Colon Patch Esophagoplasty: A Clinical Study For Chemical Burn Esophageal Stricture
M Hourang, V Mehrabi
caustic ingestion, colon patch, esophageal stricture, esophagoplasty
M Hourang, V Mehrabi. Colon Patch Esophagoplasty: A Clinical Study For Chemical Burn Esophageal Stricture. The Internet Journal of Surgery. 2002 Volume 5 Number 1.
The stricture of esophagus could be a sequela of corrosive ingestion and sometimes surgical intervention is mandatory. The authors report the result of Colon Patch a Esophagoplasty (C. P. E.) performed in 25 children who were suffering from caustic esophageal burn. Age range was 3-8 years (Mean 4.7 years). These patients had severe esophageal stricture, which were resistant to repeated dilatations. Due to that reason, 8-15 months later, the patients underwent C. P. E. A segment of the left or transverse colon was tailored to the length and shape of the opened stricture and was anastomosed side to side to the esophagotomy. Sixteen patients had been followed regularly one and three years of post-operation with barium swallow and endoscopy. Four patients developed early postoperative stricture (16%), which was relieved after 2-3 sessions dilatation. One patient was steno tic in one year and two patients in three years post-operation. Nissen fundoplication showed necessary in two children. Further evaluations of patients revealed excellent results. Two patients had a very rough post operation in Barium swallow.
It could be a procedure of choice when we are considering reestablishing a conduit instead of a normal functional esophagus. C. P. E. introduce a surgical alternative, which preserves two major functions of an intact esophagus i.e. peristalsis and antireflux architecture.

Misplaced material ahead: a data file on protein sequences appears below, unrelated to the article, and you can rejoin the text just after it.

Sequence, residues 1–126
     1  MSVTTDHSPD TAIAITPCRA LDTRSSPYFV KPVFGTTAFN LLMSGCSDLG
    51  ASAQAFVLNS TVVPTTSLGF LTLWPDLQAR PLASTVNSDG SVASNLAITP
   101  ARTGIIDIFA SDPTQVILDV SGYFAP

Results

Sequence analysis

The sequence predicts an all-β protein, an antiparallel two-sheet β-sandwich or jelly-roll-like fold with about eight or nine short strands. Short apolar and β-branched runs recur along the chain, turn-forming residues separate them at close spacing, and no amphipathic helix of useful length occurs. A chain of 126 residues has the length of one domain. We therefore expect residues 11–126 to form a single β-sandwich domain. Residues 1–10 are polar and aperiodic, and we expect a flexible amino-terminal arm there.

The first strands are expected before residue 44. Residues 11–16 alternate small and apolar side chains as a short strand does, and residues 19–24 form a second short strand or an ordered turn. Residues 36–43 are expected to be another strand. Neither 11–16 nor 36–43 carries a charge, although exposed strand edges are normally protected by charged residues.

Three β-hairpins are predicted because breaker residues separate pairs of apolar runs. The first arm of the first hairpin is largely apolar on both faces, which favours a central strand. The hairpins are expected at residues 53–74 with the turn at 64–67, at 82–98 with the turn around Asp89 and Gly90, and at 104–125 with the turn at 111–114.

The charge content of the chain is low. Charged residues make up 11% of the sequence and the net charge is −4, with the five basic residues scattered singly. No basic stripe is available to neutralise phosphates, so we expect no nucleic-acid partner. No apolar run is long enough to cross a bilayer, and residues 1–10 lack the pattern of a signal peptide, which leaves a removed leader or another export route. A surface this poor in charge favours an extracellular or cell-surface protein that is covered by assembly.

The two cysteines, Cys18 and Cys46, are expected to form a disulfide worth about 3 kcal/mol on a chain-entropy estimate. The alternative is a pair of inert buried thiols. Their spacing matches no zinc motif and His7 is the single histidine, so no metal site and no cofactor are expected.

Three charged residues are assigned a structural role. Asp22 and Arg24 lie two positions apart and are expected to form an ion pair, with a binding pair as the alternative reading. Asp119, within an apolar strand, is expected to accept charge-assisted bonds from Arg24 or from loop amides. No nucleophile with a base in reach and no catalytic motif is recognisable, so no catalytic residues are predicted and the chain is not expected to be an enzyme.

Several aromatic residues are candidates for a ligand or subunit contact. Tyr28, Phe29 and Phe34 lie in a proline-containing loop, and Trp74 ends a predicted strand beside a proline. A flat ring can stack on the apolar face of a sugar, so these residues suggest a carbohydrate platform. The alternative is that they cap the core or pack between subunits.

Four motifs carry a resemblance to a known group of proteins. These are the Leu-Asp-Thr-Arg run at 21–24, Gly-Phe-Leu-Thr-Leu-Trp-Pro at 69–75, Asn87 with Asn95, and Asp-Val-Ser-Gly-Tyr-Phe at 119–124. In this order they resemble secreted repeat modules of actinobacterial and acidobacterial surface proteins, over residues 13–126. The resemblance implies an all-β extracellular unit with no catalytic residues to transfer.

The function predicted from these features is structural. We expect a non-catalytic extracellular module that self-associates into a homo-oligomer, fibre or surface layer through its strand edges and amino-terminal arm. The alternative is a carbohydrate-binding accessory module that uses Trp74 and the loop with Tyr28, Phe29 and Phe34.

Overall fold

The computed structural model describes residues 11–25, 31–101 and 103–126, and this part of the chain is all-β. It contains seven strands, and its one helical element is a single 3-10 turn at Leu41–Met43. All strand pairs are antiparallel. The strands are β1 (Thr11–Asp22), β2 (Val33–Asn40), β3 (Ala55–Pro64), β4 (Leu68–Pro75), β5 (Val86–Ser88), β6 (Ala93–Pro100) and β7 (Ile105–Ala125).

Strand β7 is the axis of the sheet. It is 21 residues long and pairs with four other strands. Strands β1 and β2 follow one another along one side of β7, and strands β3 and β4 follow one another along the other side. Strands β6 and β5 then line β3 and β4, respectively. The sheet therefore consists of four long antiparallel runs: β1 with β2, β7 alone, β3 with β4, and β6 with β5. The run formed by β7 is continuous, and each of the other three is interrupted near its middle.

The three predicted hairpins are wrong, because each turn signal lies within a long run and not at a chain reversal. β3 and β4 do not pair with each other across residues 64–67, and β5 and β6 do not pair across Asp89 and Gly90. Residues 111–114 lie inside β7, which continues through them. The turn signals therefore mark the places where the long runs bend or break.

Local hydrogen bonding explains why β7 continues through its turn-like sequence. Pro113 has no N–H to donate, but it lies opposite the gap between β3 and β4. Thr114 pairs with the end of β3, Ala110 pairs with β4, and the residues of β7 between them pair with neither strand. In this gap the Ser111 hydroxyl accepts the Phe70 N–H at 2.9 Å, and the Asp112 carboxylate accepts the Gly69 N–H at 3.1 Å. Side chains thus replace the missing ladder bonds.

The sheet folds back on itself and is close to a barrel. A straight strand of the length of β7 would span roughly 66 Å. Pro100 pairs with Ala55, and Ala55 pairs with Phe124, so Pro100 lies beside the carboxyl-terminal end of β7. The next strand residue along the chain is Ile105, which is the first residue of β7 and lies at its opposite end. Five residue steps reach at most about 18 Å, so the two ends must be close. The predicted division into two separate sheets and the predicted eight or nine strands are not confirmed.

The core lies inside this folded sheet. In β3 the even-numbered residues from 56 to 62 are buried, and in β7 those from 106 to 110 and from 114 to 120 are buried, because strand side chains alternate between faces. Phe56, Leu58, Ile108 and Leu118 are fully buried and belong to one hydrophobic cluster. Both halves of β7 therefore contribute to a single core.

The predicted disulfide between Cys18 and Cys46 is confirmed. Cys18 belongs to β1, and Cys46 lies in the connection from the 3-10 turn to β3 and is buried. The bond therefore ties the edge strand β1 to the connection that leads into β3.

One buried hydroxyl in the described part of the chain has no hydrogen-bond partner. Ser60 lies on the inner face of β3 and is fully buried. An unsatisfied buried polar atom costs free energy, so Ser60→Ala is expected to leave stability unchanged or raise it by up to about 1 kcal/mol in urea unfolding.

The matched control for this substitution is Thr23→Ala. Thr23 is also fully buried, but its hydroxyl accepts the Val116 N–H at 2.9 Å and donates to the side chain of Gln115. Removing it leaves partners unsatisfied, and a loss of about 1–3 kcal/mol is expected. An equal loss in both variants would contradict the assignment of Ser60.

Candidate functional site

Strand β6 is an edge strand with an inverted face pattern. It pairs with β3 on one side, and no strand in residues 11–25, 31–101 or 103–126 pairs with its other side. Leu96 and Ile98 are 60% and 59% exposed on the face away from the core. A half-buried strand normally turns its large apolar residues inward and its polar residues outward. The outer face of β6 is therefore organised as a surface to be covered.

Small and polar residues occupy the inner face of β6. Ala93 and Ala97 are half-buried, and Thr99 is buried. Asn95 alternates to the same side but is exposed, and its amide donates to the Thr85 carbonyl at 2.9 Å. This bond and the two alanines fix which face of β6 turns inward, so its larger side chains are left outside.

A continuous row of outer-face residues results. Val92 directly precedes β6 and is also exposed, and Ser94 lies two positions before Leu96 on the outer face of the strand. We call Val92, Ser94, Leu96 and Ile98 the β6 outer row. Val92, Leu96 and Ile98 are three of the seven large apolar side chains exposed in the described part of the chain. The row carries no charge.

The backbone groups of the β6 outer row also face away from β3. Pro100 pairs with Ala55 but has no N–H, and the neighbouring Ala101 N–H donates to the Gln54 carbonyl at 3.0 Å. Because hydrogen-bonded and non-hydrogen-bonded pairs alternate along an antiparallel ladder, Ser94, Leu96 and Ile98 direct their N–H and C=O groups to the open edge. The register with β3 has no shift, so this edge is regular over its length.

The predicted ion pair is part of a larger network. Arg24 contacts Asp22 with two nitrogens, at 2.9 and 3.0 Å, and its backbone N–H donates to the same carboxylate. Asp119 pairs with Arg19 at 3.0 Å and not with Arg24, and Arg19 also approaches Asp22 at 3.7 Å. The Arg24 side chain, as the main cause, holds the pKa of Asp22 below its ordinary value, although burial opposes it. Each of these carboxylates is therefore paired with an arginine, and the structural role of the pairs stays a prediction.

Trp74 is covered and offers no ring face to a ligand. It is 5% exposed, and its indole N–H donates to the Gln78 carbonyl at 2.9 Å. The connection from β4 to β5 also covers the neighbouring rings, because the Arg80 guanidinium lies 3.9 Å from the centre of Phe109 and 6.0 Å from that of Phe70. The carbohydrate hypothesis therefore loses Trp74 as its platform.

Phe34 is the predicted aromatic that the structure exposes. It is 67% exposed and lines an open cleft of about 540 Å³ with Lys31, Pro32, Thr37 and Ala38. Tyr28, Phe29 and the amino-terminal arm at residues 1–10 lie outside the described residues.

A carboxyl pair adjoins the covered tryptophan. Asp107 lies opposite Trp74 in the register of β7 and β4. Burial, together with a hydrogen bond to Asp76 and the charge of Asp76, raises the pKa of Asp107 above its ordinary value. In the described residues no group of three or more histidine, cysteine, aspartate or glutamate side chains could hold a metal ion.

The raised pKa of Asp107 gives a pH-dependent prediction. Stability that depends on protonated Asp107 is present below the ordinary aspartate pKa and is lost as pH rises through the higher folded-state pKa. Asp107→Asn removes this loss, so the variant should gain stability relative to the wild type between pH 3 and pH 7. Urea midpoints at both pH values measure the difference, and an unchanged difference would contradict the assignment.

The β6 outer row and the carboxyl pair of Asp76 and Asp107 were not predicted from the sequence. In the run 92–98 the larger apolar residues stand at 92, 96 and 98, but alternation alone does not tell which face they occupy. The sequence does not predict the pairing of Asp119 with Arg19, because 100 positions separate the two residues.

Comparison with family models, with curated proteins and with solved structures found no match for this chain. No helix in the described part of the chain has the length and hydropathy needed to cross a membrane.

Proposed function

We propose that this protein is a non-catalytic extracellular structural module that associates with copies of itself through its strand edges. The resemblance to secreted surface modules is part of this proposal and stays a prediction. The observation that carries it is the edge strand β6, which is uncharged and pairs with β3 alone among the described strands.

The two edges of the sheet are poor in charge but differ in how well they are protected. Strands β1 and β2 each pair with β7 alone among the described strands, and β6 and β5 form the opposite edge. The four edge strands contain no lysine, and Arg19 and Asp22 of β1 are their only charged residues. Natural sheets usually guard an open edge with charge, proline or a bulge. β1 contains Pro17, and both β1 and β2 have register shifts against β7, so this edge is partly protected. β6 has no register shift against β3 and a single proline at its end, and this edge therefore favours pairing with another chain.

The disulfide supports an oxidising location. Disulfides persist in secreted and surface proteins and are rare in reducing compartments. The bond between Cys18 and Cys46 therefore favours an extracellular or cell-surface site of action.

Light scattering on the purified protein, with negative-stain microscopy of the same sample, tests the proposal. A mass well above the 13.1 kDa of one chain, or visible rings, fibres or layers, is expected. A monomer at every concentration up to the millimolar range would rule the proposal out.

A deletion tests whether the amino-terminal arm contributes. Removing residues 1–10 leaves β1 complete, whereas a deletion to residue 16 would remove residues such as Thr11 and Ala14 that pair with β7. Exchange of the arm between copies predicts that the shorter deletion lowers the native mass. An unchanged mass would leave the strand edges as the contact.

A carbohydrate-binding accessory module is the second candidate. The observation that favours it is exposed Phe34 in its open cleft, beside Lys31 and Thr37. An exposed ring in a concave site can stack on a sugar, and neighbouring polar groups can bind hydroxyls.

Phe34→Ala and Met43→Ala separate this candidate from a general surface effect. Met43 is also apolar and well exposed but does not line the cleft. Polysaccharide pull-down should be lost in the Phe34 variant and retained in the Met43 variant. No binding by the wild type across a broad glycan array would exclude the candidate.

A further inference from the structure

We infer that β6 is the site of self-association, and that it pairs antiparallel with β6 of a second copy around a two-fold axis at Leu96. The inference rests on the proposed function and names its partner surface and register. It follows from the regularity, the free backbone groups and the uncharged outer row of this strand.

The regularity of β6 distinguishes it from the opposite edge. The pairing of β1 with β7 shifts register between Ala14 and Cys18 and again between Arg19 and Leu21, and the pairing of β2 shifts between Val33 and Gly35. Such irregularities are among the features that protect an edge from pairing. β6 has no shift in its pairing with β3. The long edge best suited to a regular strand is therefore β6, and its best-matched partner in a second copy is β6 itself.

A wide variety of biologically harmful products, ranging from arsenic, found in ant killers, to sodium hydroxide and other caustics found in drain cleaners are available in every home and workplace.
Children are at highest risk for accidental ingestion of these products. Severe damage to the upper gastrointestinal tract may occur within seconds (1).
Finally, some of these patients will be affected by esophageal stricture (1). Available methods of esophageal substitution do not satisfactorily replace the peristaltic and antireflux properties of the native esophagus (2). Since 1980, the technique of colon-patch esophagoplasty (C. P. E.) has been employed for surgical correction of intermediate and long segment benign esophageal stricture (3). This study reveals the long term follow-up of the C. P. E., as a method with few complication in Iran.
Patients and Methods
This is study has been accomplished in Amirkabir Children Hospital, Tehran University of medical sciences, through eighteen years in (1980-1998). During this period, 35 children have been operated for correction esophageal and stricture, due to caustic ingestion, but only 16 cases were included in this report.
They have been between 3 and 8 years old (Mean 4.7 years). Male to female ratio was 1.7 (64% male and 36% female). Most cases have low socioeconomic class and usually with dull, careless and illiterate parents. The patient's first presentation was not classic, because usually they have been referred from general hospitals or primary care centers to our center, for sometime after incident. Dysphagia (mainly) and ““odynophagia were the most common symptoms of these cases.
Chemical nature of ingested substances were strong alkali in 64%, weak alkali in 20%, and strong acids in 16%. Initial endoscopies and Barium studies revealed usually catastrophic damages to the esophagus. In the most of them, the extent and depth of burn were so extensive that the repeated dilatation seemed worthless.
Preoperative Barium swallow of patient is shown in figure 1. By close follow-up of the patients, the stricture formations were apparent between 4 to 6 weeks after ingestion of material. Few days after first notice of symptomatic stricture, we scheduled children for program of antegrade balloon dilatation. Average number of dilatations were 8.5 times. During these procedures, 8% of cases developed iatrogenic esophageal perforation (Two patients). Time intervals from ingestion of caustic substances to the time of operation were various (Mean 11.7 months).